• The take-home point is that broad beans are healthiest and most abundant in mild and moist weather, rather than hot.

13th December – trialing composts containing aminopyralids with broad bean plants; contaminated compost turns out to be in the left half of this tray
30th December – the compost trial continues; see two different varieties – taller Aquadulce Claudia on the left and Robin Hood on the right


For sowing in autumn to overwinter, Aquadulce Claudia is perhaps the hardiest, is high yielding and develops great flavour if beans are allowed to mature until white and creamy. It also crops well from sowing by early spring.

Masterpiece Green Longpod has tasty green beans, and Green Windsor has a highly esteemed flavour.

Monica, or de Monica, and Robin Hood grow smaller plants, around 1.2 m/4 ft high, with pods of 4–5 pale-coloured, sweet beans.

Broad Bean Wizard, from Real Seeds, are great over winter, and produce a tasty crop in May, with many small pods.

For something different, there are crimson flowered varieties with pink seeds. The flowering period of all broad beans is a real addition to the garden, with a fine scent and attracting many insects.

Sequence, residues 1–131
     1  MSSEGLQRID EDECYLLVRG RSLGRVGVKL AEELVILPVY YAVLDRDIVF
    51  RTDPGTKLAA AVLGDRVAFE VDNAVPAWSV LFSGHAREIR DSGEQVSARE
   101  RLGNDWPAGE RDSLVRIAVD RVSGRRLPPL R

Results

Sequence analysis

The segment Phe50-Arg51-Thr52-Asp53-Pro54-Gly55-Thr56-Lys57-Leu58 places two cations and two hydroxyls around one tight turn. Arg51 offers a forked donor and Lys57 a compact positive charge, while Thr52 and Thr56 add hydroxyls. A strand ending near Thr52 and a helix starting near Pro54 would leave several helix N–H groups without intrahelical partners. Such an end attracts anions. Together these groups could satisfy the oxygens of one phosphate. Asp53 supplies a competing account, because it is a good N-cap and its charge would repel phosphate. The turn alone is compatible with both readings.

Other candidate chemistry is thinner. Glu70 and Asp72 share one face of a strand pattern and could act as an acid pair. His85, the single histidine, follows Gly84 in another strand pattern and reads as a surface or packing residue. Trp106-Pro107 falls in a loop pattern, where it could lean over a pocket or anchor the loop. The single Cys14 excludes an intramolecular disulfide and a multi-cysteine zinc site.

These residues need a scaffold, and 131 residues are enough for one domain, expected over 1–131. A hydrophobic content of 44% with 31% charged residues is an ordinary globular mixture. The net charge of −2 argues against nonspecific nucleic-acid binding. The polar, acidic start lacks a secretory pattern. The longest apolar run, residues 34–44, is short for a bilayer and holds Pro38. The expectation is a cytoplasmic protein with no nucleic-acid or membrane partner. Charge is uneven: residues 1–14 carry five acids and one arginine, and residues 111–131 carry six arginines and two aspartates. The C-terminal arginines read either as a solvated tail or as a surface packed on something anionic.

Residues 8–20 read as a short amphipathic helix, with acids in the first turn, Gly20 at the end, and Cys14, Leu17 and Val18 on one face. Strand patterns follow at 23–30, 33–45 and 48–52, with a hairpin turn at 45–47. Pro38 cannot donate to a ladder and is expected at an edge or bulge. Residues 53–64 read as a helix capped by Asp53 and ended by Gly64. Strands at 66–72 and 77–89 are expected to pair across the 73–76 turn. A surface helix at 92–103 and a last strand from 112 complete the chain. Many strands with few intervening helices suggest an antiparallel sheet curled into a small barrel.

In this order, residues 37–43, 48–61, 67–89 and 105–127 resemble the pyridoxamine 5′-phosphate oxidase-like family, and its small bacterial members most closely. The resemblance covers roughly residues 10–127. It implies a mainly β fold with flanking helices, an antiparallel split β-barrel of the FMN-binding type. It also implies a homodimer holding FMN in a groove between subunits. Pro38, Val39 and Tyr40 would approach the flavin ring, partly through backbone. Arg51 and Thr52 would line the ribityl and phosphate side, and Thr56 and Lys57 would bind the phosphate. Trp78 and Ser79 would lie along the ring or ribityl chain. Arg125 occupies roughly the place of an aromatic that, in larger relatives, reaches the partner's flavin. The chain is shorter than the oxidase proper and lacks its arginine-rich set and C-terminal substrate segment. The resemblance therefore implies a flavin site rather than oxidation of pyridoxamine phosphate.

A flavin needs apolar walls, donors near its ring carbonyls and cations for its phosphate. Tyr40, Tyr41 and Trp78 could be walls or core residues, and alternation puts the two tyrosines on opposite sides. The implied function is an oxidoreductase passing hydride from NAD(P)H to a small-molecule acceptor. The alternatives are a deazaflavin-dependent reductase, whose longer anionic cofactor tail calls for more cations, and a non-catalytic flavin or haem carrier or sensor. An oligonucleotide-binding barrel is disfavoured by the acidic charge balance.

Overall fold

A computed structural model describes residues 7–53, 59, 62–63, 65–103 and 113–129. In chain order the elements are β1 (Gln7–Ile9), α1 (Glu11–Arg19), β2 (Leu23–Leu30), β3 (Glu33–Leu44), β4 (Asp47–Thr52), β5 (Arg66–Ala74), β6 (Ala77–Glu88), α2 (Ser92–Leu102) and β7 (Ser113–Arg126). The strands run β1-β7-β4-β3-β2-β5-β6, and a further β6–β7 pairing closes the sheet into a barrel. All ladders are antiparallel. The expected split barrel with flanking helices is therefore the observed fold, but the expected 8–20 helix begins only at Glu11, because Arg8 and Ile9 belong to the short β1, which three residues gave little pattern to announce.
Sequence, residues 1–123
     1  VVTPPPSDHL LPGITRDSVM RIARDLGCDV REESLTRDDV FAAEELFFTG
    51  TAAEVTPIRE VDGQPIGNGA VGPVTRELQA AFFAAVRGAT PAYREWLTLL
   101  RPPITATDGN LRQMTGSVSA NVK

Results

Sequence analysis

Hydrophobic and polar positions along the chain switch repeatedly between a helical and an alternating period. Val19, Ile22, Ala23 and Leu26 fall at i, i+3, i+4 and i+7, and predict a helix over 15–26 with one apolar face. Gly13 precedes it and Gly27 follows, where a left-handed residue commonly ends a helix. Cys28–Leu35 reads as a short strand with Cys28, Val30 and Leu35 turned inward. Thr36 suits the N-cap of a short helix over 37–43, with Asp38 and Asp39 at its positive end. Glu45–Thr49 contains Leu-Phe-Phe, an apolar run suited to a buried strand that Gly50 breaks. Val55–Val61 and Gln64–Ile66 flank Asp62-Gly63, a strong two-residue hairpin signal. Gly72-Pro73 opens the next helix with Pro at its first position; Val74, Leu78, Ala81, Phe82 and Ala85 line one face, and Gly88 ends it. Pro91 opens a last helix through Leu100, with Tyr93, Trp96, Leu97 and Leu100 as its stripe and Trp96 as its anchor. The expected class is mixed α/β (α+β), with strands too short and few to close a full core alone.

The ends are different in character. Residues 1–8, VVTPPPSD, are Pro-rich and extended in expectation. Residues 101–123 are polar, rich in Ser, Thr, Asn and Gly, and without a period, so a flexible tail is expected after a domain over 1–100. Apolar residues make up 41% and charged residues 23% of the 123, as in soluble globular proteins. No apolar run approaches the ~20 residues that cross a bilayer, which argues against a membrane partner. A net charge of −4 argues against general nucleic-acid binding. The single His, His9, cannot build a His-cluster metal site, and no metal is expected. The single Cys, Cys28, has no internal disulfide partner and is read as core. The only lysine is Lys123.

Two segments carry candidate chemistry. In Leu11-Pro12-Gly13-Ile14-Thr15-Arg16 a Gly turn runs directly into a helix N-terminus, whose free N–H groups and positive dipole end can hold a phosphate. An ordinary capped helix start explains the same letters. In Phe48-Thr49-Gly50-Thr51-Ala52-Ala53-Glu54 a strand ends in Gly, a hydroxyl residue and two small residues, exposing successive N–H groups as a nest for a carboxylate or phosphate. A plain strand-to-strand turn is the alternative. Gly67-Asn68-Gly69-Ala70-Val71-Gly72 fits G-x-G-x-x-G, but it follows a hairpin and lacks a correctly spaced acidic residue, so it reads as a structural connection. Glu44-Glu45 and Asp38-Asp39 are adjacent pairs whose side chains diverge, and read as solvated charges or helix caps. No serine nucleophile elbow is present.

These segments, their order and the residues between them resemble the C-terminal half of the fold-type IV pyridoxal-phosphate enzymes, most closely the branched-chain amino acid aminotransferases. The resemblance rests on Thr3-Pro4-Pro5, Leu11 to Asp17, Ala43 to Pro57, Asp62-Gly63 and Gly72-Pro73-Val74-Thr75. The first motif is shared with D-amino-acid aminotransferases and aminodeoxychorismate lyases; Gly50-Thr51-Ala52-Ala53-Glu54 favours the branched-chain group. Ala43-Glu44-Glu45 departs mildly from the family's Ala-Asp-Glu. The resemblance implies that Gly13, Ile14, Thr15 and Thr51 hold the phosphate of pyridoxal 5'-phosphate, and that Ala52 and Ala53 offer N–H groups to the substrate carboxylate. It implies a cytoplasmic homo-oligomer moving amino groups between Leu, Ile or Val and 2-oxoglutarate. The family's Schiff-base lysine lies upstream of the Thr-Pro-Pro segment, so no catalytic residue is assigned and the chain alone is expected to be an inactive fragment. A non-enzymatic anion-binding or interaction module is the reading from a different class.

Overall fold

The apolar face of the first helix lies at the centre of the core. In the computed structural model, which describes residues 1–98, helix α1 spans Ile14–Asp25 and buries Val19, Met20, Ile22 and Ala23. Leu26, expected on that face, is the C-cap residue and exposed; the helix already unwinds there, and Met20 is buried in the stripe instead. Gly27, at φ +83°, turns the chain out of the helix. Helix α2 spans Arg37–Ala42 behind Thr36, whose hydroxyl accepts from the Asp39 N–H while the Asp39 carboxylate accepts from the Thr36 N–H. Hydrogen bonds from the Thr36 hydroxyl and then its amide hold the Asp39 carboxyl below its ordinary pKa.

Robin Hood broad beans with silky pods
11th June – a feast of spring vegetables! Early dehulled broad bean Aquadulce in the middle
Legumes for freezing – broad beans Karmazyn and Masterpiece Green Longpod, and Alderman peas alongside Sugar Snap

sow & propagate
Transplant - Size, time of year, Spacing, support
container growing
Prune and train plants/thin fruit
Harvest times and method
Potential problems


There is a method to removing bean stems.

  • The root system still has a few nodules of nitrogen, although less than is often thought. Nonetheless, the combination of this, together with the value of leaving roots in the soil to decompose and be food for microbes, makes it worth chopping plants at surface level, just below the stem base which has a very fibrous and tough stem.
  • We use a sharp spade to cut through the topmost roots. This causes only a little damage to soil and benefits it from leaving the root system undisturbed.
  • If you cut the stem above ground level, it will regrow small shoots of new plants. However, they come to nothing and so are a waste.

There is no need to spread compost or add amendments after clearing.


From overwintered bean plants, cleared in early summer, you have almost every option of what to grow next. Spring-sown beans mature later, so there are fewer options – I would check the sowing timeline for ideas.

Mid-June – a final harvest of Aquadulce Claudia, before clearing to transplant chard
21st June – broad bean plants after a final pick, just before clearing and removing the stakes